New submitter Cinnamon Whirl writes “As a chemist, I work in a both lab and office enviroments, and need access to data in both, without causing undue clutter in either. My company has recently purchased two Win7 tablets for trial usage with electronic lab notebooks, propietry software, SAP, email etc. These are also useful for sharing in meetings, etc. As part of this project, I have been wondering whether we can use these tablets to detect other devices by proximity. Examples could include finding the nearest printer or monitor or, perhaps trickier, could two roaming devices find each other? Although lab technology is rarely cutting edge, I can see a day when all our sensors and probes will broadcast data (wireless thermocouples are already available), and positioning information will become much more important. What technologies exist to do this? How accurate can the detection be?”

Source: Ask Slashdot: Wireless Proximity Detection?

Coming To A Bar Near You: Facial Recognition & Real-Time Data

June 10th, 2011 06:00 admin View Comments

SceneTap_150x150.jpgFacial recognition and detection software is a hot button issue on the web right now. Facebook has stirred a hornets nest by using facial recognition with users pictures, prompting people to tag their friends that Facebook has recognized. Google has said that is a line of creepy it will not cross.

Facial detection software is not just limited to the web though. A new startup in Chicago called SceneTap uses facial detection and people-counting cameras to scope out your local bar to tell you “what is going on.” What is the male-to-female ratio at your favorite club? Who is buying drinks? SceneTap cameras see it all and provide the data to users and bar owners. Seem a little creepy? Maybe not as much as you might think.

SceneTap_Screener.jpgThe stated goal of SceneTap is to give real-time information into your local bar scene. As such, it is a location-based service that gives you information, deals and social media connections, location information and more. It is kind of like Yelp plus Foursquare plus Groupon with Facebook and Twitter integration, operating in real-time.

According to founder and CEO Cole Harper, the cameras used by SceneTap are not meant to be looked at by anyone. There is a demarcation between “facial detection” and “facial recognition” that SceneTap says it does not broach. The way it works is that there is a camera facing the door of the bar. A person comes in and the camera creates a box around the face, analyzing the eyes, nose and facial structure. It takes that data and scans it through a database to find the most similar type of match. Are you a 25-year-old female? That is what the SceneTap camera is trying to find out.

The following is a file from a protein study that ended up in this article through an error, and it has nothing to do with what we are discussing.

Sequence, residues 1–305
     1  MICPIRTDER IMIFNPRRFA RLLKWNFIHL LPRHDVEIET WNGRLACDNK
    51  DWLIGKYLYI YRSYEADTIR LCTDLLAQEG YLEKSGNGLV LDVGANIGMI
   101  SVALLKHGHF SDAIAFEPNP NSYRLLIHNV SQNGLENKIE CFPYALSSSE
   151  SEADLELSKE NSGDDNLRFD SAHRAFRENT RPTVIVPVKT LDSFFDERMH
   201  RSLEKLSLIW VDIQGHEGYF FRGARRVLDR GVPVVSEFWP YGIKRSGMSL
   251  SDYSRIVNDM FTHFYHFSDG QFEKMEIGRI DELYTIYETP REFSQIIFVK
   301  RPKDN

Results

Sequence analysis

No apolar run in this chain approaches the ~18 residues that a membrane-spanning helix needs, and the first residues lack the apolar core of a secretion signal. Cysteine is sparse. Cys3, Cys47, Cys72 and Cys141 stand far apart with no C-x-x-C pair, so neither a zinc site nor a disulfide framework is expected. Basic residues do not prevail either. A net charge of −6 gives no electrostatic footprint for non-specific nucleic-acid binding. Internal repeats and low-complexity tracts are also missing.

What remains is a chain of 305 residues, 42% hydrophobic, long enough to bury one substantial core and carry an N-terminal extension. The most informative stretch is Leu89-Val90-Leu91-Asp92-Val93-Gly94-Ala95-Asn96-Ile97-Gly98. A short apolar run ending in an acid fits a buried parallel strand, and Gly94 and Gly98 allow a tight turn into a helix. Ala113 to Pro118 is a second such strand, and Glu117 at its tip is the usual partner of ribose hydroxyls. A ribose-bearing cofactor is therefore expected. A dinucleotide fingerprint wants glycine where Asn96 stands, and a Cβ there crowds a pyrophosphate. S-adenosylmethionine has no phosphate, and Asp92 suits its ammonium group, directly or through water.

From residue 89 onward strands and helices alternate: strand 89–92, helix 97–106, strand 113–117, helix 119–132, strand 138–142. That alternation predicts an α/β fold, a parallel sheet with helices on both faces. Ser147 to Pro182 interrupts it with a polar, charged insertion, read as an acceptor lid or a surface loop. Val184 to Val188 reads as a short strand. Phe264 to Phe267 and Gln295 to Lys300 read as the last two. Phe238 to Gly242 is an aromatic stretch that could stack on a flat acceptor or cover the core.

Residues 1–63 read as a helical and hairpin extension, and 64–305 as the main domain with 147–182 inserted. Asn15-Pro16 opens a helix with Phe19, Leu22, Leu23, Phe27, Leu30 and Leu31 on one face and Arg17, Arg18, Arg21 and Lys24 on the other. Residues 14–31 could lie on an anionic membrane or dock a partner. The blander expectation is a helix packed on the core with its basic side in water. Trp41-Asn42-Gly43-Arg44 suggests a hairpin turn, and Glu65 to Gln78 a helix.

The cameras are not monitored by people and information is not stored. Bar owners do not have access to the feeds as the stream is encrypted from the backend. SceneTap does technically have access to the visual feed but Harper says that it would only be used for maintenance.

Big Data for Bar Owners for the First Time

The value proposition for bar goers and bar owners is significant. Fundamentally, SceneTap is trying to bring big data on a granular level to the restaurant industry. It analyzes what type of people are coming in, what they are buying and when they come and go. That information can be cross-referenced with promotions, advertisements and on-site staff (does Bartender A bring in more male patrons than Bartender B, for instance).

This is not the type of information that restaurants and bars have ever had access. Even with the most sophisticated point-of-sale systems, the ability to have specific gender-related data on a timeline that can be studied over a period of time is not available. Yet, add SceneTap data with the POS system and all of a sudden restaurant owners know everything about their clientele.

For bar goers, the design is meant to give real-time information to help you decide where you are going. Is Bartender A working? How many girls are there and how old are they?

SceneTap will launch in Chicago in the middle of July and have partners in select cities across the country shortly thereafter including New York, Boston, Miami, Austin, Columbus, Phoenix, St. Louis, San Diego and Las Vegas.

Source: Coming To A Bar Near You: Facial Recognition & Real-Time Data

US Military Deploys Personal Gunshot Detectors

March 18th, 2011 03:35 admin View Comments

The Military

RedEaredSlider writes “A new warfighting technology will soon be making its way to Afghanistan. US Army forces will be getting gunshot detection systems, which can tell where a shot was fired from. Approximately 13,000 gunshot detection systems will be given to individual footsoldiers later this month, according to the US Army. The system, called Individual Gunshot Detector, has four small acoustic sensors and a small display screen attached to the soldier’s body armor that shows the distance and direction of incoming bullets. The sensors are each about the size of a deck of cards and can detect the supersonic sound waves generated by enemy gunfire. It alerts the soldier of the shot’s direction in less than one second.”

Source: US Military Deploys Personal Gunshot Detectors

Apple Quietly Drops iOS Jailbreak Detection API

December 10th, 2010 12:31 admin View Comments

bednarz writes “Without explanation, Apple has disabled a jailbreak detection API in iOS, less than six months after introducing it. Device management vendors say the reasons for the decision are a mystery, but insist they can use alternatives to discover if an iPhone, iPod touch, or iPad has been modified so it can load and alter applications outside of Apple’s iTunes-based App Store.”

Source: Apple Quietly Drops iOS Jailbreak Detection API